Yes, Stephen King. Now, before you get all fired up, let me give you some background. Anyone who knows me knows I read King; I’m no groupie but I buy all of his books when they are published. I have a few first editions, fewer than I’d like, but I don’t go to extraordinary measures to acquire them; it’s enough to have the tales. When he addresses his Constant Reader in his introductions, he’s talking to me. Personally. I’ve been reading him for over 30 years, so I guess that makes me pretty Constant.
A few years back, our local book discussion group read Faulkner’s “Absalom, Absalom.” I was not keen to read Faulkner; we had just finished reading Tess, and she is one of my least-favorite literary characters (don’t get me started). Anyhow, I talked to my Dad about it; he said he had spent a summer reading Faulkner in his youth, and told me that to understand any of Faulkner, you have to read all of Faulkner. I read three of his other works before beginning the assignment, and there is real merit to that argument: I certainly don’t qualify as a Faulkner scholar, but having read three of his works independently and reading “Absalom” with the guidance of an extraordinary literature professor certainly gave me a solid glimpse into his world.
Fast-forward to last week. I was talking to my daughter and I mentioned the Library Police; neither she nor her friend (who was visiting at the time) had heard the reference before. I was surprised, because I thought it was a given; don’t all kids have this image lurking in the backs of their brains somewhere? Apparently not anymore; they looked at me first like I was nuts, then proceeded to roll their preteen eyes, instantly classifying it as a Fogey Thing. Since the idea grabbed me I pulled “Four Past Midnight” off the shelf and re-read the stories, including “The Library Policeman.” In the introduction to one of the tales King says something like “I’m no Faulkner.”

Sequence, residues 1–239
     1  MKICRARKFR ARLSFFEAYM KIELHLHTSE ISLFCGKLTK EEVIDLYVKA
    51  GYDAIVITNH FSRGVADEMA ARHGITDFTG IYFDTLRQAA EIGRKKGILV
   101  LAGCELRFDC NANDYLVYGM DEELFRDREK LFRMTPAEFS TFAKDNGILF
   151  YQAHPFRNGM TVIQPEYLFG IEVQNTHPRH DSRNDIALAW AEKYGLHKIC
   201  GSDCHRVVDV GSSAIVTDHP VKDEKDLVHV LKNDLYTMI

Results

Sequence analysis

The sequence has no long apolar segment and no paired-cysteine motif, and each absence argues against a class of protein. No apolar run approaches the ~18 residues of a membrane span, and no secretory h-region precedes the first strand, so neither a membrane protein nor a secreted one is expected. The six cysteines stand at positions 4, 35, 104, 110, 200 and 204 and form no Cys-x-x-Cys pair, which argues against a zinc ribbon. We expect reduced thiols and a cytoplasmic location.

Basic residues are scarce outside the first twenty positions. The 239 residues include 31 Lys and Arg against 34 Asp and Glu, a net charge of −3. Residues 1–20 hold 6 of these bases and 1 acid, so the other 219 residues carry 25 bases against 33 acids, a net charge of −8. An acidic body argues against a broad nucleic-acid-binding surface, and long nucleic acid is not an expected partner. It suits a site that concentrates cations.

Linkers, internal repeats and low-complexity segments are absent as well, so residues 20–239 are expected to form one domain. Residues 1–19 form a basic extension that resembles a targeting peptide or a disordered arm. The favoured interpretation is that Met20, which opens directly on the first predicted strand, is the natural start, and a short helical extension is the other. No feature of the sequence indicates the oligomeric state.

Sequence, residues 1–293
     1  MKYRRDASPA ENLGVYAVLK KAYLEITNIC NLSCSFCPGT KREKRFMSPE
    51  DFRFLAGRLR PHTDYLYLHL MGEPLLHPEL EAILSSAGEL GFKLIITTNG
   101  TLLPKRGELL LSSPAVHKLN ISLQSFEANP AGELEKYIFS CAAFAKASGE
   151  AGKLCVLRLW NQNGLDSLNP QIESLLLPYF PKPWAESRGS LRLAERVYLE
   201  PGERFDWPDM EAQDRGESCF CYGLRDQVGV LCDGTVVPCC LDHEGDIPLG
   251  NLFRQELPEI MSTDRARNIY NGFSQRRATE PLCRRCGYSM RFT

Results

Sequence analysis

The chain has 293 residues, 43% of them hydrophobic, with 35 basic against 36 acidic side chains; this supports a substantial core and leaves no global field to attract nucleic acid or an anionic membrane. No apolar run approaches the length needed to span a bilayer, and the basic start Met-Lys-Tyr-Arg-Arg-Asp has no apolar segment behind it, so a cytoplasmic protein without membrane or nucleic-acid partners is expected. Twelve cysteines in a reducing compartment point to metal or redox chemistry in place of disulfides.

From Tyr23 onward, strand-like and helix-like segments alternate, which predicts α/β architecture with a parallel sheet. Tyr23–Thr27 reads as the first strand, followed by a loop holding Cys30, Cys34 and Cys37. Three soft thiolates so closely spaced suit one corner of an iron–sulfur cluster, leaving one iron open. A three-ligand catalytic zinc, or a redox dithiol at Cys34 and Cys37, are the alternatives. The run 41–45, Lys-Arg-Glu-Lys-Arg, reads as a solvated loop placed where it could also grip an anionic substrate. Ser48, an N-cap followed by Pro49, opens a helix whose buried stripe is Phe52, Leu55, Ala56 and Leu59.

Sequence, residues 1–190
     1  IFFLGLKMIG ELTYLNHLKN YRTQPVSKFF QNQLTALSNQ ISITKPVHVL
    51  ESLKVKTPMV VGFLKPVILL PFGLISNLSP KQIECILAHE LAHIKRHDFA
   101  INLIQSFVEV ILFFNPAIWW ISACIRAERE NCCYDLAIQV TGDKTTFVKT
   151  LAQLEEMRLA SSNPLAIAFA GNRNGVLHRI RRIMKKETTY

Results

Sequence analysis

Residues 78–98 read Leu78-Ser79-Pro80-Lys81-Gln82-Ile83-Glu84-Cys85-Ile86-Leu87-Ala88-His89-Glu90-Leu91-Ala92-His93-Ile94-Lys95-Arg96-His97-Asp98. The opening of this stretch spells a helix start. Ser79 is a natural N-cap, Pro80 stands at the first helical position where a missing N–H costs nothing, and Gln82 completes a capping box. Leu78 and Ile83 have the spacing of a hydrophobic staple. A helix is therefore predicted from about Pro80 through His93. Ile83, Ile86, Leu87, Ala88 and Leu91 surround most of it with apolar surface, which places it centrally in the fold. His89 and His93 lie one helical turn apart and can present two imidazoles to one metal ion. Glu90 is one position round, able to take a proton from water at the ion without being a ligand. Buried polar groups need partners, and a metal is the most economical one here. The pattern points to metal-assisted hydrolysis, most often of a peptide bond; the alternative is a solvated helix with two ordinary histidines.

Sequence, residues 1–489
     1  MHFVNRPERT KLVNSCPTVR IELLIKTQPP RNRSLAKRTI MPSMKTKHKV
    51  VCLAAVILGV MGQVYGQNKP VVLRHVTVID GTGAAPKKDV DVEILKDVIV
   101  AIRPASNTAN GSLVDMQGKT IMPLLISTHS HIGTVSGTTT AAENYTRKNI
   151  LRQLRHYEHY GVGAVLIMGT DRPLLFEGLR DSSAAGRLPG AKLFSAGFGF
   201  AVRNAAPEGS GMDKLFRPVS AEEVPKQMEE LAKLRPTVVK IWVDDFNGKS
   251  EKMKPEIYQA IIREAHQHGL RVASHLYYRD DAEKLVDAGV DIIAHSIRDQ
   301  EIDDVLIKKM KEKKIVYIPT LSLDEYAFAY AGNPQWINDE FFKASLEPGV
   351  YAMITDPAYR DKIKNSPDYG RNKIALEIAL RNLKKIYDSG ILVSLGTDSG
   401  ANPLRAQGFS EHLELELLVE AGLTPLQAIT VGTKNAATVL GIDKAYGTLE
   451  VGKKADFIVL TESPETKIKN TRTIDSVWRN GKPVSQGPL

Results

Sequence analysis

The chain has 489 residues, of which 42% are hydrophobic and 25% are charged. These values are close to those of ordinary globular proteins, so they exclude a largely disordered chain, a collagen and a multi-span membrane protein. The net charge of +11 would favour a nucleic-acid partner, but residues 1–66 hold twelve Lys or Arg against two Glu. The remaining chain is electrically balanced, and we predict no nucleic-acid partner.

Wellnow, that’s funny, because when “Duma Key” came out, the first thing I told my Dad about it was that it reminded me very much of Faulkner! Not the setting, though King has made his own little world that does grow with time; not the characters, though he has lots of individuals and even families that get introduced and rounded out across the body of his works. Come to think of it, he has created a rather Faulknerian world over the course of time. I meant his concepts, particularly the concept of Fate or Ka, and the idea of an actual embodiment of Evil; as I was reading “Duma Key” it occurred to me that someone who had not read King before would probably be a little befuddled by some of these references. King has toyed with the idea of Fortune or Fate for many years now, along with – obviously – Evil and its manifestations, and he presents these concepts as a given today; if you hadn’t read his earlier works – and I’m talking lots of them, not just a few – you might just stumble at that point in your reading. Not that you wouldn’t keep reading, because after all “it is the tale, not he who tells it,” but still: you would have to be familiar with several of his other works, some of them going back decades, to really “get” what he was saying.